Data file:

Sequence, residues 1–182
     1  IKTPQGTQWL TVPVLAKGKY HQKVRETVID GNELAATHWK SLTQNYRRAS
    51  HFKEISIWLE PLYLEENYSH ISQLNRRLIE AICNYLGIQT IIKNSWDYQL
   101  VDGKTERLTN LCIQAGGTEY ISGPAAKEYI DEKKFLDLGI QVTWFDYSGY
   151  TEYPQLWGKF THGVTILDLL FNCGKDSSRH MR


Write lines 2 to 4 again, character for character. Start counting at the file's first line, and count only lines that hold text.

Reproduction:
     1  IKTPQGTQWL TVPVLAKGKY HQKVRETVID GNELAATHWK SLTQNYRRAS
    51  HFKEISIWLE PLYLEENYSH ISQLNRRLIE AICNYLGIQT IIKNSWDYQL
   101  VDGKTERLTN LCIQAGGTEY ISGPAAKEYI DEKKFLDLGI QVTWFDYSGY